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MONDAY, Nov. 16 (HealthDay News) -- Public health consultants to the Saudi Arabian government have recommended that pilgrims in categories at high risk for H1N1 swine who are planning to take part in the 2009 Hajj should postpone their participation until another year, according to a paper published online Nov. 14 in The Lancet.
Ziad A. Memish, M.D., of the Ministry of Health in Riyadh, Saudi Arabia, and colleagues describe how representatives of global public health agencies met with Saudi Arabian public health officials to share information about the public health challenges of mass gatherings, and also to review Saudi Arabia's preparedness plans.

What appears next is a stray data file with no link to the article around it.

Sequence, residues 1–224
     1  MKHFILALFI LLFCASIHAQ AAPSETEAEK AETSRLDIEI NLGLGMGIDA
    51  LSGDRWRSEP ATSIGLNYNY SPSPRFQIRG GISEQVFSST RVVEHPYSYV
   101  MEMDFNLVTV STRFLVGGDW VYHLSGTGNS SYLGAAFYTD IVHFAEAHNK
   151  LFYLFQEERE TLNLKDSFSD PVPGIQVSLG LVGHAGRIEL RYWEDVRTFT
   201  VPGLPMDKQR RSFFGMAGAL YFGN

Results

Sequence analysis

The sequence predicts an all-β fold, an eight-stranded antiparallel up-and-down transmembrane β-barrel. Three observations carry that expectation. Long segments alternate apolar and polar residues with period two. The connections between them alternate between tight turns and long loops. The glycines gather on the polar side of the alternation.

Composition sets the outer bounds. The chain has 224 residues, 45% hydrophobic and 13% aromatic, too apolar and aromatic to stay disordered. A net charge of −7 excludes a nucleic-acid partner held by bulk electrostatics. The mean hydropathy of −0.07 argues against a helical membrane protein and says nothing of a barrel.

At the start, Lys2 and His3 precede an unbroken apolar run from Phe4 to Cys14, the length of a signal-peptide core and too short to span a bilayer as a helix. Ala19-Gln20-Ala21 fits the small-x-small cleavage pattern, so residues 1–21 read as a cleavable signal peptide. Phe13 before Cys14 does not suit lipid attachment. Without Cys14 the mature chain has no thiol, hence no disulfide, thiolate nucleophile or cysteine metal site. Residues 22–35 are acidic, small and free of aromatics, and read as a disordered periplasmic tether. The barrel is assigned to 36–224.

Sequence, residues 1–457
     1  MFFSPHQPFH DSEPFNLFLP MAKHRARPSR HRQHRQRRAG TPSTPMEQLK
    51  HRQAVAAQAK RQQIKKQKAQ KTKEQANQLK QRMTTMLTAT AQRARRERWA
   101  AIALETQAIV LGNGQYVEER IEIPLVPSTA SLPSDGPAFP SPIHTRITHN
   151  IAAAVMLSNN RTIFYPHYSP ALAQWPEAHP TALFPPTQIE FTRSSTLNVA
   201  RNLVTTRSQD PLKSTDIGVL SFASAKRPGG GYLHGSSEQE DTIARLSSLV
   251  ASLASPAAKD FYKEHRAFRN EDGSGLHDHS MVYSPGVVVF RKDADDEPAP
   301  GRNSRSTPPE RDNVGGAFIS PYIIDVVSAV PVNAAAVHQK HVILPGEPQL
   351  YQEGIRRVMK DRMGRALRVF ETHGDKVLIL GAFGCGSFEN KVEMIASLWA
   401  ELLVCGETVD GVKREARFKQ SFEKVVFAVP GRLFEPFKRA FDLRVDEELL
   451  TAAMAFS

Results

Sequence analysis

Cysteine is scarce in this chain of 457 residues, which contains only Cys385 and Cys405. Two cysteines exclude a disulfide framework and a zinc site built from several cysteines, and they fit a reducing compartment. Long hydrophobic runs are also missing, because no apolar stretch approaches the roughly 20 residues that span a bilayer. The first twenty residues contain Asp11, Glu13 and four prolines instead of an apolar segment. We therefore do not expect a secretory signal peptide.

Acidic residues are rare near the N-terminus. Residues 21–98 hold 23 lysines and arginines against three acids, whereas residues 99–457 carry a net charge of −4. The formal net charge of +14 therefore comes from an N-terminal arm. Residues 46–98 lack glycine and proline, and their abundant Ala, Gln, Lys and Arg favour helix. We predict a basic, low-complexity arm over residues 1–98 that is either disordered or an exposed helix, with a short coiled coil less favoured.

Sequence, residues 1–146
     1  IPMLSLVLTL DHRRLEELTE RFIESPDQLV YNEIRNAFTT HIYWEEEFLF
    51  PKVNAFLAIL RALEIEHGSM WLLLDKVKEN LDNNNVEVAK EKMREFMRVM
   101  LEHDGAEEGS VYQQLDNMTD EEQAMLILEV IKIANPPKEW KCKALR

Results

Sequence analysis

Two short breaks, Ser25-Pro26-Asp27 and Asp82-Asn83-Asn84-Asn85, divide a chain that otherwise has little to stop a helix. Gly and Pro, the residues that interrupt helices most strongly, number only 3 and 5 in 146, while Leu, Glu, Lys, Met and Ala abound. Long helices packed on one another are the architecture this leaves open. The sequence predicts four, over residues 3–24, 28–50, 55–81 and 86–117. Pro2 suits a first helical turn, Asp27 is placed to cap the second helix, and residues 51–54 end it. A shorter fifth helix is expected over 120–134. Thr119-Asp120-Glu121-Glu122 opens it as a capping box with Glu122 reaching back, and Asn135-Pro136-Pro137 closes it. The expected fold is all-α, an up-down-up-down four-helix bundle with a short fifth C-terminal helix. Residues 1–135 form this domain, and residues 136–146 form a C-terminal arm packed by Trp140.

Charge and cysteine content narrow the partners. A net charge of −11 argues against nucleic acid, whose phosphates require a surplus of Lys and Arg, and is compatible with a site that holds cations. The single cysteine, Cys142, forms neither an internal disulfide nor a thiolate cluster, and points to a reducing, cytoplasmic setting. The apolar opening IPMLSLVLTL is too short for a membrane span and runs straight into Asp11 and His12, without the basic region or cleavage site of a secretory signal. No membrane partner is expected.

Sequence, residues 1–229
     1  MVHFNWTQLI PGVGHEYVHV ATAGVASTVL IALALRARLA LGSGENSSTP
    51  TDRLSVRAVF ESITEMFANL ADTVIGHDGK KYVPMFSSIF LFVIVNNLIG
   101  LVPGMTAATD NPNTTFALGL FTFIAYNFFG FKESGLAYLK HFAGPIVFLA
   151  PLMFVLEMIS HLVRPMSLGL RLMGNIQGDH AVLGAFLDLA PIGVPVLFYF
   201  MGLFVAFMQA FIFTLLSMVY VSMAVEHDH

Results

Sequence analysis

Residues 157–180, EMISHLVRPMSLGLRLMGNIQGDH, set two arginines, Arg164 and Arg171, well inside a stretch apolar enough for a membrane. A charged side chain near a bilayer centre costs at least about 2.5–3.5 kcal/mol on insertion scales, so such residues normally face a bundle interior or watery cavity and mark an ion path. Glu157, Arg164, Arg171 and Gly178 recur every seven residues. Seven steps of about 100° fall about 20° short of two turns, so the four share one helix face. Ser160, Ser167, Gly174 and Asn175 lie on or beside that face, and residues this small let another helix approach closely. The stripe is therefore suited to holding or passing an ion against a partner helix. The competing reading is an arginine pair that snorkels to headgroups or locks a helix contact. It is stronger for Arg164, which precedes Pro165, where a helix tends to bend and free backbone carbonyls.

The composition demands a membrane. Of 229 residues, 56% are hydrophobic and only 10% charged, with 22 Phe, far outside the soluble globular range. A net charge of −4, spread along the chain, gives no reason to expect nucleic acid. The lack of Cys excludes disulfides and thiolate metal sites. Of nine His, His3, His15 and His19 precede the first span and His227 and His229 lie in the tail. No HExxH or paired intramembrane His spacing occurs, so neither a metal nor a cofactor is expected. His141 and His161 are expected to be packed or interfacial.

The meeting resulted in a number of recommendations for before and during the 2009 Hajj, including the recommendation to certain high-risk groups such as the elderly, pregnant women, children, and those with chronic diseases to postpone their participation in the Hajj. The authorities were also advised to have a 200- to 500-bed facility available to isolate any pilgrims with symptoms of influenza-like disease, and the consultants made a range of other recommendations for screening and surveillance, testing, infection control and treatment of H1N1 swine flu.
"Noteworthy is that the recommendations generated during this meeting were based on the current status of the pandemic and therefore might need revision, dependent on the changes in virus characteristics and epidemiology of infections with the 2009 pandemic influenza A H1N1 virus," the authors write.
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